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Any Swimming parents about, what do you feed your children?

(9 Posts)
Lunar1 Mon 16-Jan-17 12:52:34

Ds1 is 8 and swims 4 times per week for an hour each time. He is built like a swimmer, very slim and muscly and as he's growing I can see his shape changing. He has the typical wider shoulders than waist.

He can put away more food than me and is eating an adult mans portion every meal. If I ask about this on the main board as I'd be roasted alive for the amount he eats.

What sort of things do you feed your children and how much is too much? I've started doing him omlets for breakfast with chicken and mushrooms as the portions in school dinners are just not enough. So in effect he's having 3 cooked meals a day.

He loves meat and fish, not too keen on carbs but will eat them if I don't put too much on. He will eat as much veg as I put on the plate but it's not exactly filling. I know that if he carries on to the next stage he will get nutritional advice from the squad but I'd like to know what I should be doing for now.

CherylCucumber Mon 16-Jan-17 13:21:25

Have a look at the website as that has some good ideas for competitive swimmer's meals and snacks.
My son is a few years older and swims 5or 6 times a week. He has omelette or scrambled egg with baked beans and toast for breakfast and at least a pint of full fat milk to drink. He'll sometimes have cereal such as weetabix as well.
He too complains that school meals are insufficient (hence the large breakfast)and will always have seconds if available.
As soon as he's home from school he will graze on things like fruit, bagels, fig rolls, malt loaf, Jaffa cakes etc. Then after training he'll have a cooked meal, usually pasta or jacket potato with chicken/beef/tuna (not all at oncegrin) and plenty of veg.
He also has a high protein snack within 15 minutes of training to help with muscle repair.
All that has changed since he was younger is that the portion sizes have increased. The best measure is keeping an eye on his weight and not having an excess of sugar in his diet. Hope that helps.

Lunar1 Mon 16-Jan-17 13:43:47

That's brilliant, thank you. I never thought about the swimming website!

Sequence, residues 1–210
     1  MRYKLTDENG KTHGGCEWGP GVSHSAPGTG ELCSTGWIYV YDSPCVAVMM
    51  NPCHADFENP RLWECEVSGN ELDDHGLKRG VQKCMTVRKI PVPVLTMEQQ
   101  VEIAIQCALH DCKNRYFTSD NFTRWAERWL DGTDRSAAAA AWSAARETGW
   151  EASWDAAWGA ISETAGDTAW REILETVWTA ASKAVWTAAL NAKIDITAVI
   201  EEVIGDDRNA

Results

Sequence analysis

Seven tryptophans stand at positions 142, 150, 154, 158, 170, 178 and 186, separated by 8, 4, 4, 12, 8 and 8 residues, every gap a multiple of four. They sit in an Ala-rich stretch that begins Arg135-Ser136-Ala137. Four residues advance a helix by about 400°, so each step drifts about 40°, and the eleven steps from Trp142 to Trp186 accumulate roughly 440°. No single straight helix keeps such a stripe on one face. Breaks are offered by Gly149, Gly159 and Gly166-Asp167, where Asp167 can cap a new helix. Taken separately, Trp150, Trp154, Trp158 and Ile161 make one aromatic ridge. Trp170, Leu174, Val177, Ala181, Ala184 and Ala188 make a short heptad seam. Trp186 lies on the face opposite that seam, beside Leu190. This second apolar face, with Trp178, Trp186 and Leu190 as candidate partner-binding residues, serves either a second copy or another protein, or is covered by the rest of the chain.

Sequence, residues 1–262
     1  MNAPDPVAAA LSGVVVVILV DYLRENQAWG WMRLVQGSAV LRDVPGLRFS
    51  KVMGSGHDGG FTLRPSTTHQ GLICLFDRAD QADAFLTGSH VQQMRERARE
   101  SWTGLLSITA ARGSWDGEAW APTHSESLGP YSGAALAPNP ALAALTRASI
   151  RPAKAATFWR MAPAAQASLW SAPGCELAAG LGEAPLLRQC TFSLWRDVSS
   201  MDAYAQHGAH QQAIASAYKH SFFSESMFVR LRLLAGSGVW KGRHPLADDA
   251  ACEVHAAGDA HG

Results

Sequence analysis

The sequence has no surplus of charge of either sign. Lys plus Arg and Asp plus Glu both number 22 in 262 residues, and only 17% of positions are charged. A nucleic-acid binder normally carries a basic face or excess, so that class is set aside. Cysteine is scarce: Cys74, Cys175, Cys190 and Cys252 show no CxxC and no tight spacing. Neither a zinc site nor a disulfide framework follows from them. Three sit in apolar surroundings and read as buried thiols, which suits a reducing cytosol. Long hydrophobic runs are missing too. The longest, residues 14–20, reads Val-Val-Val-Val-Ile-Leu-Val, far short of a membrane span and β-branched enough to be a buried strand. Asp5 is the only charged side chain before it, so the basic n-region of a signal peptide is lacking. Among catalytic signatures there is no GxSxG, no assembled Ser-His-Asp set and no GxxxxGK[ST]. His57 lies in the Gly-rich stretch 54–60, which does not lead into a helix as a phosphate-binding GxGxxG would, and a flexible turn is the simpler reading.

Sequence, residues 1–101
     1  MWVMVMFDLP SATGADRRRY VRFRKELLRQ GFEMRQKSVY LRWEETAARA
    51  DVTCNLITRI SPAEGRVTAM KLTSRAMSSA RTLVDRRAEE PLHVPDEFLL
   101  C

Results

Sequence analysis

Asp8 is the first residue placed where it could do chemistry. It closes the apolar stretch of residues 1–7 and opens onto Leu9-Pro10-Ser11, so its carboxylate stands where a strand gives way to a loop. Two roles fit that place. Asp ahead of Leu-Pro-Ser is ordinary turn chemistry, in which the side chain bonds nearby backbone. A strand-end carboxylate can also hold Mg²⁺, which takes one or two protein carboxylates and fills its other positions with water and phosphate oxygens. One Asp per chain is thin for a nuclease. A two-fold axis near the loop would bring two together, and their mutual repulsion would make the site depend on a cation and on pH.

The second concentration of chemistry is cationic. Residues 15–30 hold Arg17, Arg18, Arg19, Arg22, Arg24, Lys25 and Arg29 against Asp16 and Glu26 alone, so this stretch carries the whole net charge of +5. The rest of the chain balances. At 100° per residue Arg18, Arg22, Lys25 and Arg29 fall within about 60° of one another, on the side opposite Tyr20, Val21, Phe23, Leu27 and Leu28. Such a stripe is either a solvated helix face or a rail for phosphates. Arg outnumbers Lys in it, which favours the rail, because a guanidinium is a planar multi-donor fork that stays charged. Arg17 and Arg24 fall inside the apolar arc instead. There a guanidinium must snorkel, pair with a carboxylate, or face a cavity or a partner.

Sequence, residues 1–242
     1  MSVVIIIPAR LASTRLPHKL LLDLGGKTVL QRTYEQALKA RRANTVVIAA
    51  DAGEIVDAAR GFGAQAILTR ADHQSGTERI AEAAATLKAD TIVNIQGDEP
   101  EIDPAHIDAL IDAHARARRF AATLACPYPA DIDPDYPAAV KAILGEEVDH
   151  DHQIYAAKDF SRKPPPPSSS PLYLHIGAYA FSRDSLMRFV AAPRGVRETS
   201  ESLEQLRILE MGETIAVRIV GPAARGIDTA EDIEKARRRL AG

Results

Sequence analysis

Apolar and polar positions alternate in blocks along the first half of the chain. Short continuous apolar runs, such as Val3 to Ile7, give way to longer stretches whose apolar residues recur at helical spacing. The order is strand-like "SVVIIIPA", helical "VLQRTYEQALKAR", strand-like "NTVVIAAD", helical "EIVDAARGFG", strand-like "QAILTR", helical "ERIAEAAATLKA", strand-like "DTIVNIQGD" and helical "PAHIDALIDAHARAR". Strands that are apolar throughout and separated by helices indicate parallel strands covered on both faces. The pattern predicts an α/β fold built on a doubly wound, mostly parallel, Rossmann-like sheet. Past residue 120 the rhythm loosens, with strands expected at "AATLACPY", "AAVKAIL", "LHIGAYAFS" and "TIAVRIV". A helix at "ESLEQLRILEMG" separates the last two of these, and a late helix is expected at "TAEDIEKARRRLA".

I'm also going to copy you in the protein snack after sessions. He comes out the pool ravenous. It's costing a small fortune feeding him.

CherylCucumber Mon 16-Jan-17 14:06:03

At his age something like a chocolate milkshake would be adequate immediately after training. I don't think the protein snacks and drinks that you can buy from sports shops are recommended for children.

Madcats Mon 16-Jan-17 14:44:02

DD9 dances 2 1/2 hours week, swims 41/2+ hours week and then does games and extra-curricular sport at school for another 5 or 6 hours. She hoovers up food (it is a tad embarrassing when she is invited round for a meal...I just have to warn unsuspecting parents).

Before school she will usually have porridge and possibly toast and fruit (more likely to be bircher muesli and yoghurt in the warmer months).
Snacks tend to be bananas/milkshake/rice pudding(!)/flapjacks/wholemeal muffins with fruit/chocolate chips. School is fairly sporty so I think they give pretty good portions to tame all the active kids.

Suppers tend to be lean meat/fish and wholemeal pasta/rice and plenty of veg. Judging by the amount of milk I am buying she is eating/drinking just under a pint a day.

After swimming it is usually a banana or peanut butter sandwich if late or an omelette (2 eggs) if it is early evening.

Given the chance she'll scoff chocolate bars and haribo and pringles!

ealingwestmum Tue 17-Jan-17 11:11:23

Pretty much ditto what Cheryl has said. My DD is 13.5 and eats like that on 5/6 x sessions per week. The only thing I am not sure of is her evening meal post swimming which ends up at circa 9.15pm which means sleeping on a relatively full stomach. I hate this. But, she can't survive on a toast/sandwich type snack then and doesn't count the school meal as 'proper'. Also eats in-between school and swimming en route ranging from a toastie to a wasabi type take out.

Full fat chocolate milk drink straight after swim is really key for her.

Posting the food intake on the main boards will get as much ribbing as the time spent in the pool from some, but when we have children that are swimming up to 4 - 6k sets at a time, then it's no wonder they have a ravenous appetite grin

ealingwestmum Tue 17-Jan-17 11:16:26

Madcats smile

I've started to prompt mine to chew more at guests' houses to try and slow her down before she gets offered seconds before anyone else...

Madcats Tue 17-Jan-17 11:49:50

Good idea, ealingwestmum.

Weirdly enough, DD says swimming is wonderful for clearing your mind (I suppose she swims on autopilot once she's been told how many lengths/what stroke). She genuinely seems to enjoy being in the water.

DebbieFiderer Tue 17-Jan-17 18:39:47

I've been wondering about this as well. DD is almost 9, only swimming 2.5hrs a week at the moment but has always had a big appetite (and fast metabolism, so is still v slim). The problem is she is also very fussy, so I struggle to fill her up on healthy food. The big change this term is a 1.5 hr session early in the morning, too early to have a proper breakfast beforehand. So I have been boiling a couple of eggs that she can eat on the way there (whites only, she won't eat yolks hmm), then a choc milkshake in the car on the way back, and beans on toast when we get in. The rest of the week my main issue is dinners; basically all she will eat is fish fingers, chicken nuggets, sausages or pasta, the only veg is carrots, sweetcorn or baked beans. I'm hoping as she gets older she starts to realise the importance of good nutrition to swimming performance.

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